After her triumphs in the world's greatest opera houses, Natalie Dessay extends beyond opera with a tribute to the legendary Michel Legrand who has scored some of the most famous musical soundtracks in history. This album that Dessay and Legrand have recorded together focuses on voice, piano, bass, and drums. It includes Legrand's Oscar-winners, a duet from Les Parapluies de Cherbourg - which brings Dessay together with her husband, the bass-baritone Laurent Naouri, the Lilac Fairy's song from Peau d'ane, and the sisters' sassy duet from Les Demoiselles de Rochefort, performed here by Dessay and fellow soprano Patricia Petitbon. Another special guest on the album is the distinguished harpist Catherine Michel, who is also Michel Legrand's wife.
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Let me give you a few examples. Tharaud begins the program with the Prelude in B minor by Bach, in an arrangement by Alexander Siloti. It has a beautifully straightforward simplicity that Tharaud executes with care. It's contemplative music at its best.
Next is the Romance sans paroles No. 3, Op. 17 by Gabriel Faure. It is lovely in its graceful lines, which Tharaud characterizes with loving care. After that is a bit of a pick-me-up with Rameau's rondo piece Les Sauvages, one of the livelier tunes on the album. Then there's Gluck's popular Dance of the Blessed Spirits, again arranged for piano by Siloti, in which Tharaud conveys a sweet and untroubled peace.
And so it goes, each little work a shining gem and, for the most part, a quiet oasis for relaxation and thought. Of course, there are also a few things like Rachmaninov's Prelude in C sharp minor No. 2, Op. 3, which in Tharaud's hands is not only powerful and dynamic but noble and exciting.
Lots of favorites: The ones I've already mentioned and also Chopin's Minute Waltz, always welcome; Saint-Saens's The Swain, always delightful; Chabrier's Feuillet d'album and Bizet's Adagietto, both enchanting; Poulenc's aptly named Melancolie; and Satie's seductively odd little Gymnopedie No. 3.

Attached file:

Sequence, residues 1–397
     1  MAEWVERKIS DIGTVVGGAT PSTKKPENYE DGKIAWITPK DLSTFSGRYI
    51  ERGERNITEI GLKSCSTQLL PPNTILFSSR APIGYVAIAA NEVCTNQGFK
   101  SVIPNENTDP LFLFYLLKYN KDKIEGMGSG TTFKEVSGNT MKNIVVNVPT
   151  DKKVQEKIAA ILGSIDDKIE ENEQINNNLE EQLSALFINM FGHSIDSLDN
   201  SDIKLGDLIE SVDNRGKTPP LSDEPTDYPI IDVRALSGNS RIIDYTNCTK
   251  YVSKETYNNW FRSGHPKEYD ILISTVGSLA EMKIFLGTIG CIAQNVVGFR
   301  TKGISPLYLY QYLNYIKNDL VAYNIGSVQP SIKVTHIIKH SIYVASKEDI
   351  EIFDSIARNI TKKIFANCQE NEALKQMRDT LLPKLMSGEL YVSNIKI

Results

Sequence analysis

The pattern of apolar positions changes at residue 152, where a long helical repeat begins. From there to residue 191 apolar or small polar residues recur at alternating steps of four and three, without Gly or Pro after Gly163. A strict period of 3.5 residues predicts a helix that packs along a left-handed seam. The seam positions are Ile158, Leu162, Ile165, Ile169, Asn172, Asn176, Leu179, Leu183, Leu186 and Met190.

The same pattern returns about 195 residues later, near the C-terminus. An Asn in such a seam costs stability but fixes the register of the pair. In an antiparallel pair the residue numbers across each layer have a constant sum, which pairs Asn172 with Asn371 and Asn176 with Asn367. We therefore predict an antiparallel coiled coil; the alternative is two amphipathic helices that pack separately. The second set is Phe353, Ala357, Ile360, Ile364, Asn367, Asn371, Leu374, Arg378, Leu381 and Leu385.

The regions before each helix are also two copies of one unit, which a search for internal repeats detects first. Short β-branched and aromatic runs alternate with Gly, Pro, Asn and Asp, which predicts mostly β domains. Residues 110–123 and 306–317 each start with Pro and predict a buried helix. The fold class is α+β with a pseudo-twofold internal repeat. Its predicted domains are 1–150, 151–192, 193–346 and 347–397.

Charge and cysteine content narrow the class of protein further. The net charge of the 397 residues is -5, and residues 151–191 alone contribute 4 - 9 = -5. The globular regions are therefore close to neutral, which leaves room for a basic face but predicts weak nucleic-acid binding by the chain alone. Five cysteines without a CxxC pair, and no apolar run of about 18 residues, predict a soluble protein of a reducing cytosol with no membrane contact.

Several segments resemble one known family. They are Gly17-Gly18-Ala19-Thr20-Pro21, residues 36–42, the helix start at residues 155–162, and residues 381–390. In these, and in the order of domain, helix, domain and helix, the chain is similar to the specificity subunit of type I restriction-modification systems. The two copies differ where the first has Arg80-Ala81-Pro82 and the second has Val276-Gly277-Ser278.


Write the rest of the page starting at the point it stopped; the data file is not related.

Tharaud closes the program with piece by Bach, the Andante from his Concerto in B minor, arranged for piano by Mr. Tharaud. It has a calm, tranquil tone reminiscent of Beethoven's later Moonlight Sonata, and Tharaud’s handling of it easily points up the similarities.
The fact is, Tharaud never attempts to dazzle the listener with his technical virtuosity. I suspect it's a case of been there, done that. Here, he is only trying to reveal a part of himself in music he loves and, obviously, loves to play. It is an enjoyable package.
The piano sounds warm and cozy, with a pleasing resonant bloom on the notes. Mr. Tharaud appears to be in a spacious environment miked from a moderately close distance. The results are clear yet rounded, detailed yet smooth and natural. It's a sound that appropriately fits the nature of the music.
John J. Puccio
Since the lead review gives us a listing of this diverse lineup, I won't duplicate the effort. I do wonder who wants to hear such a catch-as-catch-can tidbits except for Tharaud's fans. The album could be considered a collection of encores, but the playing is often so discreet that the CD could be played softly as background music. There are outbursts in the midst of repose, as in the quintessential Rachmaninov Prelude in C-sharp minor, and Tharaud's style, although not as challenging as it can be (see his Chopin albums), provides a unifying thread. In the end, the best encore programs display dazzling technique and showmanship, as one hears from Horowitz and, more recently, Yuja Wang.
Showmanship is exactly what Tharaud avoids, so I suppose this is a set of encores for the thoughtful, music for the sort of people who say they never watch TV except for an occasional look-in at PBS. Or it could be the perfect musical wallpaper when giving an English professor a massage.